Maurice Ruddick

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On October 23, 1958, a massive "bump"—similar to a small earthquake—collapsed No. 2 colliery of the Cumberland mines in Springhill, Nova Scotia, trapping 174 men 3900 metres underground. Rescuers acted immediately, with little hope there would be many survivors. Slowly they extracted men, alive and dead, from the ground. On the ninth day, they reached the last 7 to be found alive. Among them was Maurice Ruddick, a 46-year-old African Canadian, a slim man with a thin moustache who always pomaded his hair.

When the miners finished a shift, it took an hour to ride to the surface in the trolleys. Ruddick would sing during the trip, blues, jazz or popular songs of the day. Some of the miners joined him to sing "Dem Bones" or "Don't Be Cruel" or "Bye Bye Love." As they ascended from the pit, their baritones rumbled up ahead of them, audible to the company men who worked on the surface.

After the mineshaft caved in on them, the 7 men struggled to survive. Ruddick, despite a broken leg, helped his companions keep their spirits up by singing and leading them in song and prayer. He later described the experience in "Springhill Disaster," the song he wrote about the event.

Ruddick and the other "miracle miners" enjoyed public attention briefly after the disaster. For Ruddick, the only Black in the group, racism dimmed his moment in the spotlight. As you will learn in the accompanying Historica Minute Maurice Ruddick, survivors of the disaster were invited by Georgia's governor to vacation at a luxurious resort. Upon learning that Ruddick was Black, the governor said that Ruddick would have to be segregated. Ruddick agreed to the governor's terms so the other miners' vacation would not be ruined, but he and his family stayed in a trailer apart from his colleagues.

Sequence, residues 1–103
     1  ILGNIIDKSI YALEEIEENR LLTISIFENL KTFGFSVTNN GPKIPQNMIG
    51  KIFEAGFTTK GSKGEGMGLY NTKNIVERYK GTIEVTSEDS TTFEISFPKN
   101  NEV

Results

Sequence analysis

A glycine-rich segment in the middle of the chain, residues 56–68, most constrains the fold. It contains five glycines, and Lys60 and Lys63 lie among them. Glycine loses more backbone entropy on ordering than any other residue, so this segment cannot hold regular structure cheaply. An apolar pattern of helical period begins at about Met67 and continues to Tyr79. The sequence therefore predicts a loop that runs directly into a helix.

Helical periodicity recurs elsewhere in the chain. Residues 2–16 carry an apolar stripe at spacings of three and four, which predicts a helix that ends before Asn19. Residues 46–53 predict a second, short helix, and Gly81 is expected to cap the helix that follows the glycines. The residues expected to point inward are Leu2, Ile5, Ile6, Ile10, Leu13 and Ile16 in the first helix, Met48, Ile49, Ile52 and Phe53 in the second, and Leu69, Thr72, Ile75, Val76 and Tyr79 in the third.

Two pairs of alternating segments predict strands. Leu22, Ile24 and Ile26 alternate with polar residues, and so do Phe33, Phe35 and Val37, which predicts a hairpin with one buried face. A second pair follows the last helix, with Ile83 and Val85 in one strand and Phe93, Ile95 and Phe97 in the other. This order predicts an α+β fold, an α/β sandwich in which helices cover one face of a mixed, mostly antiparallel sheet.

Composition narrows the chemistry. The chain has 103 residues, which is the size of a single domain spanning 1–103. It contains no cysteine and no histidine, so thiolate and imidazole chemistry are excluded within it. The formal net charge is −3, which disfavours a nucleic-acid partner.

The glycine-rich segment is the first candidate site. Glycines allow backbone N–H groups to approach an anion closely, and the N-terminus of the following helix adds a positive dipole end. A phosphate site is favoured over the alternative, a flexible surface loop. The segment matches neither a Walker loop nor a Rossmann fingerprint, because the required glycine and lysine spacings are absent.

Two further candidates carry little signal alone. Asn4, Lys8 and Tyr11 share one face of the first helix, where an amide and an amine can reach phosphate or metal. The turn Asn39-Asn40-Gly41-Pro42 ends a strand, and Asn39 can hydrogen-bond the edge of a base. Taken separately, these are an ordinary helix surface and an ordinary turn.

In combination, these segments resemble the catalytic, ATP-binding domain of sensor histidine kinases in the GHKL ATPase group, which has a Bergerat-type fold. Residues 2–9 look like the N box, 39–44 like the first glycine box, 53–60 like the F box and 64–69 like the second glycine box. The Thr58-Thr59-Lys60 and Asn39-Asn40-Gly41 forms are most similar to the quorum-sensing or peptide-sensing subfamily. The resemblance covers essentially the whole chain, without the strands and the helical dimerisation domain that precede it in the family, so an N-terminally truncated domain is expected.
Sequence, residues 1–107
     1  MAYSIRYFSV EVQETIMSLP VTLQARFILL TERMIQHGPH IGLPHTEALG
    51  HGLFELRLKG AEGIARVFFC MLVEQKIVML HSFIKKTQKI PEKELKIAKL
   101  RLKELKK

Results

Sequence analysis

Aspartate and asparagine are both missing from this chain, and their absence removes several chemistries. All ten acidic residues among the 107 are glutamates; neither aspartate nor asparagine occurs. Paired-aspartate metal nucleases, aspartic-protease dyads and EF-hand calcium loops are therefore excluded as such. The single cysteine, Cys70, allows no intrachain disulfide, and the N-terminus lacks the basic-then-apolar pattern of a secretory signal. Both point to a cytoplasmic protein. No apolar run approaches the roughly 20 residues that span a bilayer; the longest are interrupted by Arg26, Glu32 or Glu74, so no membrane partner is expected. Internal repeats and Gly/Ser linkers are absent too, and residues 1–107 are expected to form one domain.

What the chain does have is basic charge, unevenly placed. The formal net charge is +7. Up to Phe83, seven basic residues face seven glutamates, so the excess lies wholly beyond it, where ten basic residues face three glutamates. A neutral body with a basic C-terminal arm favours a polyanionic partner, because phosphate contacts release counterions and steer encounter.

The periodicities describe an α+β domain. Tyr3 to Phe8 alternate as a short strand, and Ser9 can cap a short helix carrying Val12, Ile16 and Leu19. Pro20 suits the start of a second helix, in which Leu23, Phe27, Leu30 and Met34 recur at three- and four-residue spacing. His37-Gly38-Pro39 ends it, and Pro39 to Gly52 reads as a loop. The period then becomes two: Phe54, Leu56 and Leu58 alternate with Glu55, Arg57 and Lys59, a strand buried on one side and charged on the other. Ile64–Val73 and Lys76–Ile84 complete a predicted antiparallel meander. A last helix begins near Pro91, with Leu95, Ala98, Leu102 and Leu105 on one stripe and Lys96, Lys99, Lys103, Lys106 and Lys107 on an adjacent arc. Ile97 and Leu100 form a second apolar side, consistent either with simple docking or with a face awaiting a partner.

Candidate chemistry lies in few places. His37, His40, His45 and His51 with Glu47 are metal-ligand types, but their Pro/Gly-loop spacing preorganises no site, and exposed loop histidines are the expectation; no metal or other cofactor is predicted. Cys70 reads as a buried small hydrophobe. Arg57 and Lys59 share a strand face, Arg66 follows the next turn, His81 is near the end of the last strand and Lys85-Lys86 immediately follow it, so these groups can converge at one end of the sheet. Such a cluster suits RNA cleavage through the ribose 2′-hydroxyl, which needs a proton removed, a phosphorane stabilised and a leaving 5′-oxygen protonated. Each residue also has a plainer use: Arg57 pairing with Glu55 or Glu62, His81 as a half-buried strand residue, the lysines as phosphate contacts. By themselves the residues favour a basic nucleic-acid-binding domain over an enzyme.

The 1958 mine collapse killed 74 men and ended Springhill's tenure as a large-scale mining town. The mines were sealed shortly after the Big Bump. Maurice Ruddick died in 1988, all but forgotten for his role during those 9 long days.

Springhill Mine Disaster: Maurice Ruddick
A 1958 photograph of injured miner, Maurice Ruddick, in hospital. From the website for Nova Scotia Archives and Records Management.

50 Bodies Found; 24 Missing
Read a local 1958 news story about the rescue of miners trapped by an explosion in a Springhill coal mine. From Library and Archives Canada.

Springhill, N.S., marks 50 years since mining disaster
Watch a CTV News story about the observance of the 50th anniversary of the Springhill Mine disaster.

Mine disaster like an earthquake
A news story that recalls the rescue of miners from the 1958 Springhill mine disaster. From the website for the Times & Transcript.

Ship’s Co. mines spirit of Springhill
A 2008 review of the Ship’s Company Theatre’s production of Bump, a retelling of the 1958 Springhill mine disaster. From the website for the Ship’s Company Theatre.

Miracle At Springhill
Read a digitized copy of the book Miracle At Springhill written by Leonard Lerner. Includes references to “Maurice Ruddick, The Singing Miner.” From the Internet Archive website.

Excerpt: All of Me
This excerpt from Anne Murray’s autobiography All of Me includes an account of the recognition Maurice Ruddick received for helping to sustain his fellow miners awaiting rescue from the collapsed Springhill mine. From Random House of Canada.

The Springhill Mine Disaster of 1958: Final Report of the Royal Commission of Inquiry
Read the entire Final Report of the Royal Commission of Inquiry into the Springhill Mine disaster of 1958. From the website History of Coal Mining in Nova Scotia.

Spring Hill Disaster
An article about Maurice Ruddick’s song "Spring Hill Disaster." Includes sheet music with lyrics. From the Canandian Folk Music Bulletin.

No More Pickin’ Coal
Sheet music with lyrics for the song “No More Pickin’ Coal” by Valerie Hope MacDonald, daughter of Maurice Ruddick. From the Canandian Folk Music Bulletin.

U2 - Springhill Mine Disaster
Watch a video of the band U2 performing the song “Springhill Mine Disaster,” written by Ewan MacColl & Peggy Seeger. From YouTube.

A profile of the Town of Springhill, NS. From The Canadian Encyclopedia.

Disaster Songs
An article about songs inspired by Canadian disasters. From the Encyclopedia of Music in Canada.

The miracle miners
A CBC News story about the rescue of miners from the collapsed Springhill coal mine.